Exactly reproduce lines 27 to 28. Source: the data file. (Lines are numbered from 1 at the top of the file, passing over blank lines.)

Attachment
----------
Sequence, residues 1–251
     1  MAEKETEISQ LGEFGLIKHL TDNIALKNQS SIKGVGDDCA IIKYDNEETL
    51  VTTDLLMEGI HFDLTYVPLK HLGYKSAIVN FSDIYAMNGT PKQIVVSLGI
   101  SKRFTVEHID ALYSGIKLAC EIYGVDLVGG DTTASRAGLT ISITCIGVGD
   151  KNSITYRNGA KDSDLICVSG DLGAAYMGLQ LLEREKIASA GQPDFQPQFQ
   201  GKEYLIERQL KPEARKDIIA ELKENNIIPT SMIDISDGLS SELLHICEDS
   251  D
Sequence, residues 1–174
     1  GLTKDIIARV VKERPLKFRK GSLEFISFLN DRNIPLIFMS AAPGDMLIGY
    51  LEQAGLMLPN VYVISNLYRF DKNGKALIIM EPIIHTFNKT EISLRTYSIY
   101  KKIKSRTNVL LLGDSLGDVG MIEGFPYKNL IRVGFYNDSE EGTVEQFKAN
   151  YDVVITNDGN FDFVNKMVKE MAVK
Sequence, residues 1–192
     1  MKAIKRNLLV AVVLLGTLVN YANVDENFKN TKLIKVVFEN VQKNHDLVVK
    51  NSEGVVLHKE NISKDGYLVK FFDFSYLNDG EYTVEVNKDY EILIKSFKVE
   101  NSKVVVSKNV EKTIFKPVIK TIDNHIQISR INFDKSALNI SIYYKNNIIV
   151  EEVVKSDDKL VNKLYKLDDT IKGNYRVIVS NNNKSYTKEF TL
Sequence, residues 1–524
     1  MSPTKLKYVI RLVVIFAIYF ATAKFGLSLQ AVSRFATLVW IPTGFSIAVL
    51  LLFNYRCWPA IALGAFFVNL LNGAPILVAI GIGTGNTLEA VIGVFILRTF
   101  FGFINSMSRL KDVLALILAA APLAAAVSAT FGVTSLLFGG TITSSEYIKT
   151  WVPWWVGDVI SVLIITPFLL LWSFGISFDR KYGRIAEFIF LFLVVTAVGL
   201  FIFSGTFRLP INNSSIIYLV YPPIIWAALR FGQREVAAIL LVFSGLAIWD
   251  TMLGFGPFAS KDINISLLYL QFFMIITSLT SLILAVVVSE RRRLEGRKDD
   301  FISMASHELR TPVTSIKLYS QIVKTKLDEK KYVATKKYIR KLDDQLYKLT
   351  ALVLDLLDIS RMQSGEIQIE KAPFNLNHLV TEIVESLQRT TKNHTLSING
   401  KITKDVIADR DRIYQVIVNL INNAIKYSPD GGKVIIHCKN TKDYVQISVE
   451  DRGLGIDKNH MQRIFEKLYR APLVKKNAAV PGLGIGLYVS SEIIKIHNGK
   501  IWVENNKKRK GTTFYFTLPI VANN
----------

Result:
   401  KITKDVIADR DRIYQVIVNL INNAIKYSPD GGKVIIHCKN TKDYVQISVE
   451  DRGLGIDKNH MQRIFEKLYR APLVKKNAAV PGLGIGLYVS SEIIKIHNGK